SPECIAL HUNTS PROGRAM PROVIDES UNIQUE HUNTING OPPORTUNITIES
Jan. 24, 2013
Special hunts program gives hunters access to land not normally open to the public
PRATT – Since its inception nearly 20 years ago, hunters have been able to apply for exclusive entry into areas with limited access through the Kansas Department of Wildlife, Parks and Tourism (KDWPT) Special Hunts Program. This special access means a higher quality hunt and potentially greater harvest rates, but hunters should still make every preparation necessary to ensure a successful hunt, just as they would anywhere else.
"The only guarantee with Special Hunts is you'll have a place to hunt,” said Mike Nyhoff, KDWPT Public Lands regional supervisor. “These are wild animals with real Kansas weather and topography affecting the critters and hunters alike. We don't guarantee success harvesting game, that's still up to the hunter."
When the Special Hunts Program first began in the early 1990s, hunters were permitted access to lands not normally open to public hunting such as refuges and state parks. Past special hunts have taken place on wildlife areas, state parks, Corps of Engineers properties, national wildlife refuges and city and county parks. In 2009, the amount of land available for special hunts increased as private landowners became eligible to participate in the program. To date, hunters have access to exclusive hunting areas in 13 counties statewide.
Although similar to the Walk-In Hunting Access (WIHA) program in that private landowners are compensated for the use of their land, the Special Hunts Program allows landowners to exercise more control over the use of their land. Rules such as which dates hunting can occur, how many people can hunt, as well as what species can be hunted are all left to the landowners’ discretion. In addition, land areas designated for special hunts provide limited access to the public, whereas WIHAs provide open access to hunters.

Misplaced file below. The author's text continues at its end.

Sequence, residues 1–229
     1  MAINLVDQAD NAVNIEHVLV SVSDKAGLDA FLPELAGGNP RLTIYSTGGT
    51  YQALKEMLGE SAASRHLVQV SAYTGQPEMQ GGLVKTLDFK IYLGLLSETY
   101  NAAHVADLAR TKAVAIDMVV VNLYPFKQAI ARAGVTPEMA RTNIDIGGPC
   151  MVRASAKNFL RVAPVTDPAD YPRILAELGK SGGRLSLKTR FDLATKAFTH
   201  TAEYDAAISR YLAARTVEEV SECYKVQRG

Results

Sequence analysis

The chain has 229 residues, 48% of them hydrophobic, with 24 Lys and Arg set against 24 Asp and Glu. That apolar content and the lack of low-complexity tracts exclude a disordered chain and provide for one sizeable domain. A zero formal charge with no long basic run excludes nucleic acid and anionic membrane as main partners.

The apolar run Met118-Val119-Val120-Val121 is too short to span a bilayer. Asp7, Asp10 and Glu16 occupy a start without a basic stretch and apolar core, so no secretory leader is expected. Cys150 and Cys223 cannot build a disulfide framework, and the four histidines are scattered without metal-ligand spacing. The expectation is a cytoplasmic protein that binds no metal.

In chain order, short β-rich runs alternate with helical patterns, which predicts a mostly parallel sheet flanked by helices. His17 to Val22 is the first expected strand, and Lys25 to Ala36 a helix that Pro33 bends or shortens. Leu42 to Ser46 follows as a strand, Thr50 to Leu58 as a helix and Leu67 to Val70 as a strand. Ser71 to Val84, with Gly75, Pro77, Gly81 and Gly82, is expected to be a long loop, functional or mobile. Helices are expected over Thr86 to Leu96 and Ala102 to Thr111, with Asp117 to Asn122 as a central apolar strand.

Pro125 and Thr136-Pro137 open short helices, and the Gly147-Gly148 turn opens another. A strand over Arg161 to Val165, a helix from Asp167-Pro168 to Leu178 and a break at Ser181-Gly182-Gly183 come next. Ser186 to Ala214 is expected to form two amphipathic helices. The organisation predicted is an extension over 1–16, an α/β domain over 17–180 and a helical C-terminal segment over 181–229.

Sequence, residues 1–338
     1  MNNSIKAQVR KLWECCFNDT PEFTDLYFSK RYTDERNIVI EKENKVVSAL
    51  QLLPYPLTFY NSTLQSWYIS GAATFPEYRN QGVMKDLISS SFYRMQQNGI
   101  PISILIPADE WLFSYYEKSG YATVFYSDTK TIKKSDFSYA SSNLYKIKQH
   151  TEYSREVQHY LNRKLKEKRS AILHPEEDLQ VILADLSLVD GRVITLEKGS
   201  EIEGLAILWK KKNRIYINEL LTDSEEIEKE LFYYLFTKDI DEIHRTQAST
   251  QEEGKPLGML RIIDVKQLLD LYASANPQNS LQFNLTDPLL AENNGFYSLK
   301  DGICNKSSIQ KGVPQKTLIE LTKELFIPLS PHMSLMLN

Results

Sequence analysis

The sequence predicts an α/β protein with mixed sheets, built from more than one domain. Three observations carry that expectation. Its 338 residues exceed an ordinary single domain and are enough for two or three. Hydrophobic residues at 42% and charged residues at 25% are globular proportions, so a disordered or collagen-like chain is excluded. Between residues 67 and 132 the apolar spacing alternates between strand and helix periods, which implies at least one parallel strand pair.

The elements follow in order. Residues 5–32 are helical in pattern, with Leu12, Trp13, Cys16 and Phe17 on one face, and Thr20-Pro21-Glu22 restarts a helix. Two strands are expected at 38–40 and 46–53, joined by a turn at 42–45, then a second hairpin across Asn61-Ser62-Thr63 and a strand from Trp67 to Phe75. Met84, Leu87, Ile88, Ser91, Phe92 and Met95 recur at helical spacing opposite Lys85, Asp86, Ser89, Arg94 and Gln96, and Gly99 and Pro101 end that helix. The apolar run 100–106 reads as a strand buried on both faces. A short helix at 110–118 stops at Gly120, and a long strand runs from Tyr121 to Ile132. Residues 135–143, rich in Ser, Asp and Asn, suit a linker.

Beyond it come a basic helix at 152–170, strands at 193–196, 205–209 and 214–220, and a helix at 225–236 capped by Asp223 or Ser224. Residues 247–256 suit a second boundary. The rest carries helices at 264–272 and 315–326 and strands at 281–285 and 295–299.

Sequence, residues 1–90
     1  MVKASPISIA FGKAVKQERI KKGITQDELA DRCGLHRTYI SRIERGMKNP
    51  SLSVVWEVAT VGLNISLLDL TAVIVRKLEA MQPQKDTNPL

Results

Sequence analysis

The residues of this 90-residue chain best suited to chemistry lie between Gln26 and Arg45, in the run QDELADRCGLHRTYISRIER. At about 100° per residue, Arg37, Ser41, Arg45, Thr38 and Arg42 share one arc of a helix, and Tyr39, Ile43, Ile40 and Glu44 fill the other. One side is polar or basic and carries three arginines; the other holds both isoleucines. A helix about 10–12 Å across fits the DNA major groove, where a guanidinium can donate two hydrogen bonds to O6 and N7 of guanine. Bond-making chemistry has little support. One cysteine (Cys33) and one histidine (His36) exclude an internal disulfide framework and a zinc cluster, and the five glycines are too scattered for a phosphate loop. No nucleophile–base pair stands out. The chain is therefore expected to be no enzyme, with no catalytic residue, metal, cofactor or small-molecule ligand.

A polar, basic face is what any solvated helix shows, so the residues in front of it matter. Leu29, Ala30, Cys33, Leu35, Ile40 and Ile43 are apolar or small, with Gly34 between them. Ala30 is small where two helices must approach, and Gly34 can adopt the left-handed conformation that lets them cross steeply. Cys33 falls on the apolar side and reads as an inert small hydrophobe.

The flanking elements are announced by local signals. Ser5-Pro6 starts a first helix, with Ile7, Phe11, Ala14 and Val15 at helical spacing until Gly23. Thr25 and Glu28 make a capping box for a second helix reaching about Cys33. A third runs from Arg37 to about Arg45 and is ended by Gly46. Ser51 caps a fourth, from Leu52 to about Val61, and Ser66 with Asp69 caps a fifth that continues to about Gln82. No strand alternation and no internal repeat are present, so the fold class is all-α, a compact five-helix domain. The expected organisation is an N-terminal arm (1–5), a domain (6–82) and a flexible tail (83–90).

Because access is limited, hunters must apply online for the hunts they desire. Interested applicants can expect to see more information on the 2013 fall and winter special hunts in early July. In 2012, the Special Hunts Program made 646 hunts available for the fall/winter hunting season. Hunters had a choice of upland birds and doves, ducks and geese, deer, turkey and furbearers.
In addition to what type of species applicants would like to hunt, hunters must also specify if they are requesting an open hunt, a youth hunt, or a mentor hunt.
• Open hunts are available to all hunters.
• Youth hunts require parties to include at least one youth 18 or younger, accompanied by an adult 21 or older. The adult cannot hunt.
• Mentor hunts are open to both youth and novice hunters supervised by a mentor 21 or older. Both beginning hunter and mentor can hunt. A youth is a person 18 or younger, whereas a novice is a youth 18 or younger, or any person who has never possessed a hunting license prior to the special hunt.
Depending upon the location and species being hunted, special hunts can range from a half-day up to the entire length of the season. Upon successfully completing the application, hunters will then be entered into a random computer drawing conducted within one week of the application deadline. If chosen, the successful applicant will then be emailed their hunt permit, as well as maps and other information.
For the spring turkey season, hunters will be able to apply for special hunts from Feb. 1-March 11. Last year, the Special Hunts Program made approximately 170 hunts available at 27 different locations. A similar number of hunts are expected for the 2013 season, which is youth/disabled/archery, April 1-9, followed by the regular firearm season, April 10-May 31.
“If we can provide one quality experience a year for a hunter, beginner or expert,” said Bruce Taggart, retired KDWPT employee and fundamental party in initiating the Special Hunts Program, “chances are they will continue in the sport for years to come.”